When it comes to Christmas traditions, we all have our favorites. Maybe it is a special movie you watch as a family (For us, it is Elf. I know, it doesn’t exactly ring of the true meaning of Christmas, but a grown man who believes in the magic of Santa- and gets to eat nothing but candy and syrup- still resonates with my young children.) It could be a special worship service, like Candlelight Communion on Christmas Eve, or even a special meal with family (as our family has started to branch out a little farther over the last few years, this has become one of my favorites). Whatever your favorite traditions may be, at least some of them are sure to have come from Germany.
As with every culture, Germans tend to have traditions that have been passed down to them for generations. One example is the Advent Calendar, where you count down the days of Advent in anticipation of Christmas Day by opening one window (often depicting a picture, verse of Scripture, or in many cases- candy!) of the calendar every day for the 24 days before Christmas. Along the same line is the Advent Wreath (also a German tradition) like the one we see in church. Four candles adorn the wreath with one lit each Sunday leading up to the week of Christmas. In the past, a family’s Advent Wreath might be the only site and scent of the season until the unveiling of the Christmas Tree took place on Christmas Eve.
Also among favorite German traditions that made their way to the U.S. is that of the Christmas Market, or Christkindlmarkt. Popular in German speaking areas of Austria and Switzerland, as well as Germany itself (where approximately 3,700 currently exist!), these markets showcasing handmade goods such as ornaments, warm gloves and wooden toys as well as tasty treats like roasted pecans and mulled wine are now all over this country, including the heart of downtown Chicago. You can stop by any day from just before Thanksgiving until the day before Christmas Eve and see for yourself all the treats that come to us from parts of Eastern Europe (and right here in the city).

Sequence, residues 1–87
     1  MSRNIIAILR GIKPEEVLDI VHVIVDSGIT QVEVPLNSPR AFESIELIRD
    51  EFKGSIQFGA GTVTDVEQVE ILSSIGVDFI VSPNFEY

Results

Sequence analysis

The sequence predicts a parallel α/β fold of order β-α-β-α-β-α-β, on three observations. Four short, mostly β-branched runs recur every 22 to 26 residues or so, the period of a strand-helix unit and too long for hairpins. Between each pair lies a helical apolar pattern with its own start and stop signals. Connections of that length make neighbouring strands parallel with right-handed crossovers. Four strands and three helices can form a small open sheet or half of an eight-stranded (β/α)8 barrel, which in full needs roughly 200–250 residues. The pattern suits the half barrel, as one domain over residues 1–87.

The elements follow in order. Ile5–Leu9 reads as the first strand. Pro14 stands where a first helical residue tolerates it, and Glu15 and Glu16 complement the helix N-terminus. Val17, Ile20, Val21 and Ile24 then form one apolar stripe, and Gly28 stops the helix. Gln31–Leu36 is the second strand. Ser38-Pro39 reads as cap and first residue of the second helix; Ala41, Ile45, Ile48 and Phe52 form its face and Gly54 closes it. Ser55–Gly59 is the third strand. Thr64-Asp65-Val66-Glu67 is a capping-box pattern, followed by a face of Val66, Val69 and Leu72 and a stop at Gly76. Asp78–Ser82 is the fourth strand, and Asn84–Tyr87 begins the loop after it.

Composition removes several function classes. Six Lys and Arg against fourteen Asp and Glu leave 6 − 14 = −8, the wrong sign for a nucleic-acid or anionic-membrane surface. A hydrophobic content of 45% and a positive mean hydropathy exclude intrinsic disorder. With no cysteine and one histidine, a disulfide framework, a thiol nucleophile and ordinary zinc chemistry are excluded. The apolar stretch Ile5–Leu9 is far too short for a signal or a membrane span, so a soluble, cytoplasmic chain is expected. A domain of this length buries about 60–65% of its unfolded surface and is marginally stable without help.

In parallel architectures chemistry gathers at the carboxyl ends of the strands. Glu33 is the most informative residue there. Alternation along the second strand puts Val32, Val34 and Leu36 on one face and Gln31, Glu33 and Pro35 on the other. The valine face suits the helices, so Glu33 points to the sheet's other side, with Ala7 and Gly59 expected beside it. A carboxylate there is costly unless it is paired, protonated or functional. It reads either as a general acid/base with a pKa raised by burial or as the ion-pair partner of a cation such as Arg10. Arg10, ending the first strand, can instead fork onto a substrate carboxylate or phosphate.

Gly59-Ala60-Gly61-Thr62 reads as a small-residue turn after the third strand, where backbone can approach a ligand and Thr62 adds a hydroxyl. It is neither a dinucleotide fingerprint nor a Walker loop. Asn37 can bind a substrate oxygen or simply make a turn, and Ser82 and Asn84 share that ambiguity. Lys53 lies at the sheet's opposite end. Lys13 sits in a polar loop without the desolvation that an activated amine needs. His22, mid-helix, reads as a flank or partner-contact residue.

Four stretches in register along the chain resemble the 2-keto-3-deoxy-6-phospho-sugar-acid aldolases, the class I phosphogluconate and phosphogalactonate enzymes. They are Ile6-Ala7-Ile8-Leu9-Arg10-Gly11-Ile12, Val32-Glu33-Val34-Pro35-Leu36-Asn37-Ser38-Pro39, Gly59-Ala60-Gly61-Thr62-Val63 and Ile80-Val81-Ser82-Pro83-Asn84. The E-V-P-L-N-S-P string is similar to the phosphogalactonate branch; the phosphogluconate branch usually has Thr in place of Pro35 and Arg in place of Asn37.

Perhaps the best-known of our Christmas traditions- the Christmas tree- also comes from Germany. Roughly 400 years ago, families would bring evergreen branches into their home in the winter to decorate for Christmas. Eventually this turned into bringing in whole trees. Those first trees were decorated with ripe apples and silk flowers to give the illusion of a blooming tree in the middle of winter. By the 19th century, trees had even taken over as the focal point of German Christmas celebrations. Fast forward to 2017 and it isn’t unusual to see trees in a variety of colors decorated with ornaments of all shapes and sizes, from all generations, and with all types of meaning to their owner. Look closely enough and you may even see a pickle ornament- another German favorite! Legend tells that parents would place a pickle ornament in the tree after the rest of the decorations were up. On Christmas morning, the child who found the ornament would get an extra small gift. This was started not to reward one child over others, but to encourage everyone to enjoy the beauty of their tree before racing to see what St. Nick might have left them.
So you see, tradition lies all around at the holidays. In many homes those come from Germany, through family members who brought a little piece of their childhood with them when they came here, as well as those who like to cherish and hold on to the past who keep traditions alive. Look around your house this Christmas and really notice what traditions you have maintained. Think back on why they were important to you in the first place, and treasure those memories. In a world that is constantly changing, some things still withstand the test of time. Merry Christmas!